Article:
The situation is growing ever more urgent. Sometime in Obama's next term, we're likely to pass a threshold that, for the scientifically attuned, is terrifying: carbon dioxide concentrations of 400 parts per million in the atmosphere. That's already far more atmospheric carbon than at any time in the modern history of the planet, and well past the 350 parts per million threshold that NASA's James Hansen has flagged as a crucial marker, beyond which we risk of "irreversible catastrophic effects." Monitoring stations have already measured 400 parts per million carbon concentrations over the Arctic. The global average is expected to catch up within a few years.
Obama may not single-handedly solve this problem, but there is much that he can achieve—with or without the cooperation of Congress. That last point is crucial: There is a great deal that the agencies of the federal government can do simply through administrative action. Indeed, that's just what Bill Clinton did on the environment repeatedly in his second term, preserving millions of wilderness acres as national monuments, saving forests from roads and industry, and advancing clean air and drinking water protections.
"President Obama can have a precedent-setting second term by following the Clinton model, of using existing executive authority to achieve goals that may be unreachable via Congress," explains Daniel J. Weiss, senior fellow and director of climate strategy at the Center for American Progress.
Herewith, then, a realistic—not over optimistic—list of steps the president and his administration might take to cut carbon pollution, and prepare the nation for climate change, in the next four years:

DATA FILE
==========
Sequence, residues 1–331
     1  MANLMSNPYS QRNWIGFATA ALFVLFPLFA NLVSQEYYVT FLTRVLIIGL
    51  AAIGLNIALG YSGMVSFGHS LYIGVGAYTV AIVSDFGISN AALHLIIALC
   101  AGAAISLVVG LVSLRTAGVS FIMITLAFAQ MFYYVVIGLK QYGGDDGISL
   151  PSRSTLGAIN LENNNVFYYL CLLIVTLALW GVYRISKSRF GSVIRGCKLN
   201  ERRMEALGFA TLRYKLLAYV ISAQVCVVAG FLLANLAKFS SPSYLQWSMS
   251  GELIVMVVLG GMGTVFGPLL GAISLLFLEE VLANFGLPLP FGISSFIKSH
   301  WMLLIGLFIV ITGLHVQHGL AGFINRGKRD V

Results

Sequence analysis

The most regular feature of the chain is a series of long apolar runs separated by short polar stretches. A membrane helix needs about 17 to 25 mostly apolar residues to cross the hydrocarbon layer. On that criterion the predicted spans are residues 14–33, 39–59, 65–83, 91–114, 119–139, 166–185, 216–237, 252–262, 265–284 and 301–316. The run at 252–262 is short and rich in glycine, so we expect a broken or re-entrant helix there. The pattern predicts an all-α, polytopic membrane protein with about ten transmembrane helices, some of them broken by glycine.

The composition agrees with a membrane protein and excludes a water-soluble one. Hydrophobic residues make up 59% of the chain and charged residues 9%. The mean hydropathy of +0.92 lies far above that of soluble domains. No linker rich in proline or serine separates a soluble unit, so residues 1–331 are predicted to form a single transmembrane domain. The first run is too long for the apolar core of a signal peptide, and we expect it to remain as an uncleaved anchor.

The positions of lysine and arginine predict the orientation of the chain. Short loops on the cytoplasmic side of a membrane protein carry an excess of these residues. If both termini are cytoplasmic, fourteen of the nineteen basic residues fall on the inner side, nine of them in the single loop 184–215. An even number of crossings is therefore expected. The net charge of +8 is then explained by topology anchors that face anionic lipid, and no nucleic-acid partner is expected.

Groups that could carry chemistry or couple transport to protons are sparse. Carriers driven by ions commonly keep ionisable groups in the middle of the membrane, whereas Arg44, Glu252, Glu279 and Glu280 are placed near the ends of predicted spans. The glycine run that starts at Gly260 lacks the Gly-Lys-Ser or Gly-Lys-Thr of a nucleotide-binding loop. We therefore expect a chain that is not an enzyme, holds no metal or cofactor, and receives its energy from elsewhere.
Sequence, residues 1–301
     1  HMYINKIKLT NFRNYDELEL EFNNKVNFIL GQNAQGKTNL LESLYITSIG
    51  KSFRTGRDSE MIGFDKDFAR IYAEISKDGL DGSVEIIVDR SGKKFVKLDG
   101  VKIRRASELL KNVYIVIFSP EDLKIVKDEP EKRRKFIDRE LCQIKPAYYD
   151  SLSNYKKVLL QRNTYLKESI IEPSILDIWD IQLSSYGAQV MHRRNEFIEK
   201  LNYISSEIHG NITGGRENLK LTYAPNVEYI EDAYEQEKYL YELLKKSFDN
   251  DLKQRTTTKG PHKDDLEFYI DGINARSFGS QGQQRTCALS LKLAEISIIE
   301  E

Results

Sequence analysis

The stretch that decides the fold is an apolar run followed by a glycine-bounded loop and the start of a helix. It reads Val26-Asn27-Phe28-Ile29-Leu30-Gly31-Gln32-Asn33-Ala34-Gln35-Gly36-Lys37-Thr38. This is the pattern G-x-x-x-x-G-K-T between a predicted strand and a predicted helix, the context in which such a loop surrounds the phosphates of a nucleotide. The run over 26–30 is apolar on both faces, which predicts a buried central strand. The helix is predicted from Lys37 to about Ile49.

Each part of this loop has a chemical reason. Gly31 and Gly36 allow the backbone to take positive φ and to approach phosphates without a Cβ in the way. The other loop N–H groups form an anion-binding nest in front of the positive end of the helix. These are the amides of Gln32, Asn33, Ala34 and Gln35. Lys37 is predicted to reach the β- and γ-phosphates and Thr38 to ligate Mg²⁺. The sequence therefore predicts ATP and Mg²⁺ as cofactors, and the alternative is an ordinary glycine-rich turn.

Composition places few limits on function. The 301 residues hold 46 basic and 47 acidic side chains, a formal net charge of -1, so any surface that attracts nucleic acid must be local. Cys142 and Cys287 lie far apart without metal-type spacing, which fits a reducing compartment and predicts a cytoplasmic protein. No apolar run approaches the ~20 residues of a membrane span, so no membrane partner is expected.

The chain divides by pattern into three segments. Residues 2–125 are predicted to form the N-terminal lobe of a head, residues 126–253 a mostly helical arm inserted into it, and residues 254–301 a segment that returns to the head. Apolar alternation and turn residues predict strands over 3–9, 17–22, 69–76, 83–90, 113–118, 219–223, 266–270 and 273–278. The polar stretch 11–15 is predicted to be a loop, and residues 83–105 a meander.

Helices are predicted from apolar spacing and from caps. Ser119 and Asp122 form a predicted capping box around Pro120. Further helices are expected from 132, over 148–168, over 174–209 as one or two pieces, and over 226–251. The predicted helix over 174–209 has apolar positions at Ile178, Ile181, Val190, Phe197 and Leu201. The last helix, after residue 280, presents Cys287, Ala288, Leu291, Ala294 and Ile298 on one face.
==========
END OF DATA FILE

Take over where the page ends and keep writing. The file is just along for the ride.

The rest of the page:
1. Use the bully pulpit
If there's one point of consensus about what Obama can and should do on the climate issue, it's simply to keep the commitment he made last Wednesday and actually talk about it. Loudly and often—and, at best, in a major policy speech that sets the agenda.
"How about an address to the nation where he talks about the climate threat, and connects the dots between extreme weather and climate change in a scientifically rigorous way?" Pooley asks. "That would be a wonderful moment."
But when? At his press conference last week, Obama was understandably consumed with fiscal cliff negotiations. Fine: Suppose he waits a little. As it happens, a process is already underway that, arguably, will give the the president his best opportunity to talk about climate change sometime next year.
It's called the National Climate Assessment, and it looks, scientifically, at the vulnerabilities of each part of the United States to climate change—from sea level rise affecting Gulf Coast infrastructure, to the growing risk of wildfires in the west. A draft of the next report installment is slated to be out late this year or early next. If Obama wants to convene a "conversation around the country" about climate, it is hard to imagine a better conversation starter.
2. Promote climate resilience
"Federal flood insurance is a way the entire country subsidizes building and rebuilding in places destined for repeated hits," says one marine scientist.
But that's just the beginning. In the wake of Superstorm Sandy, some of the most important climate policy developments over the next four years are likely to involve adaptation and resilience steps taken by the federal government. And no wonder: The toll from extreme weather on the United States in the past few years has been stunning. In 2011, for instance, there were 14 weather disasters whose damages totaled a billion dollars or more. While official statistics are not in yet, 2012 has hardly been much better, considering that damages from Hurricane Sandy alone could cost $33 billion, according to New York's Gov. Andrew Cuomo.